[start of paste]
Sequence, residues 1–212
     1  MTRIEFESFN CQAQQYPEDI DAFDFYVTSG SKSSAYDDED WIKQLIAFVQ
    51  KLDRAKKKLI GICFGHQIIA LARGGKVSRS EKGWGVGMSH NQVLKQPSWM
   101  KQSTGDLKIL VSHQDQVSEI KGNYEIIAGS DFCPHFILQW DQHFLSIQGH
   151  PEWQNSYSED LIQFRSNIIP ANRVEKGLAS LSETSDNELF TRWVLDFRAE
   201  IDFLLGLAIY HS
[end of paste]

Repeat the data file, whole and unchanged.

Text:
Sequence, residues 1–212
     1  MTRIEFESFN CQAQQYPEDI DAFDFYVTSG SKSSAYDDED WIKQLIAFVQ
    51  KLDRAKKKLI GICFGHQIIA LARGGKVSRS EKGWGVGMSH NQVLKQPSWM
   101  KQSTGDLKIL VSHQDQVSEI KGNYEIIAGS DFCPHFILQW DQHFLSIQGH
   151  PEWQNSYSED LIQFRSNIIP ANRVEKGLAS LSETSDNELF TRWVLDFRAE
   201  IDFLLGLAIY HS